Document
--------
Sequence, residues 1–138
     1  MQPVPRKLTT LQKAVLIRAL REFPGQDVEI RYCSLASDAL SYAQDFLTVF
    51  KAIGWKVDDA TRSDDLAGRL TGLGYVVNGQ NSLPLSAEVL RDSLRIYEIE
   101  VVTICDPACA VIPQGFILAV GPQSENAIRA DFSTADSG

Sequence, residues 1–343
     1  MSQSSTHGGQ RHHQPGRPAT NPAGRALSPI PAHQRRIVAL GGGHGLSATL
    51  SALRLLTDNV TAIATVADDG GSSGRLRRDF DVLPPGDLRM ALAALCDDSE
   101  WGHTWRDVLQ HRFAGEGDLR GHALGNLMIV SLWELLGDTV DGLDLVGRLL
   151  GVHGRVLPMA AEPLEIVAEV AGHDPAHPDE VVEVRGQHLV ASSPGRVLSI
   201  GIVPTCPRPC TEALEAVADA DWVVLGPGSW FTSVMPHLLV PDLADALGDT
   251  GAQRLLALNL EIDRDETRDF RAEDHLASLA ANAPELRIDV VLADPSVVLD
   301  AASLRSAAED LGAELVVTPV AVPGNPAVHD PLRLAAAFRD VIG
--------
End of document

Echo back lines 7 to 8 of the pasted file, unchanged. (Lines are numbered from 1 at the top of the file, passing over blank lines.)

    51  SALRLLTDNV TAIATVADDG GSSGRLRRDF DVLPPGDLRM ALAALCDDSE
   101  WGHTWRDVLQ HRFAGEGDLR GHALGNLMIV SLWELLGDTV DGLDLVGRLL